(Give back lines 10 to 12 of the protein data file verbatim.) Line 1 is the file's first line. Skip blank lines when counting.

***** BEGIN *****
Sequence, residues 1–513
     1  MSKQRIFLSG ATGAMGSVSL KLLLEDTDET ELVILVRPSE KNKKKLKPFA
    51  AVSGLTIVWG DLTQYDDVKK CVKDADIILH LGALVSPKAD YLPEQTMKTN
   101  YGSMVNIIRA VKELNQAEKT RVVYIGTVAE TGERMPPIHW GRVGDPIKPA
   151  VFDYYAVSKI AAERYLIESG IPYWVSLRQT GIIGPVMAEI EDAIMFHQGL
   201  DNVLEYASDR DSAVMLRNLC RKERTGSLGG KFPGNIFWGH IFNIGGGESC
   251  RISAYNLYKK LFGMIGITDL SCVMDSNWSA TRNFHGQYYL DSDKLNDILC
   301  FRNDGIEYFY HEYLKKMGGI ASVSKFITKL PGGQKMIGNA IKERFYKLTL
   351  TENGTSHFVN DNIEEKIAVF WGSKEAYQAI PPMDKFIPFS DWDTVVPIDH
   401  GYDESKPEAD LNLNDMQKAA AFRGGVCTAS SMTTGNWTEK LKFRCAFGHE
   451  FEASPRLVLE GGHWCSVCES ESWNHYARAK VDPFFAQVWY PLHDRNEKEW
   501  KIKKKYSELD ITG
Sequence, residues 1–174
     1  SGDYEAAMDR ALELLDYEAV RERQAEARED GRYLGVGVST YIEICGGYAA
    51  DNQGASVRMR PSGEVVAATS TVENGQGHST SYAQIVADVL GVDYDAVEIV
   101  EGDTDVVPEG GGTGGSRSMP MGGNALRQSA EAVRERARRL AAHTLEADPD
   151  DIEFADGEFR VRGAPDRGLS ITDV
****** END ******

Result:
   401  GYDESKPEAD LNLNDMQKAA AFRGGVCTAS SMTTGNWTEK LKFRCAFGHE
   451  FEASPRLVLE GGHWCSVCES ESWNHYARAK VDPFFAQVWY PLHDRNEKEW
   501  KIKKKYSELD ITG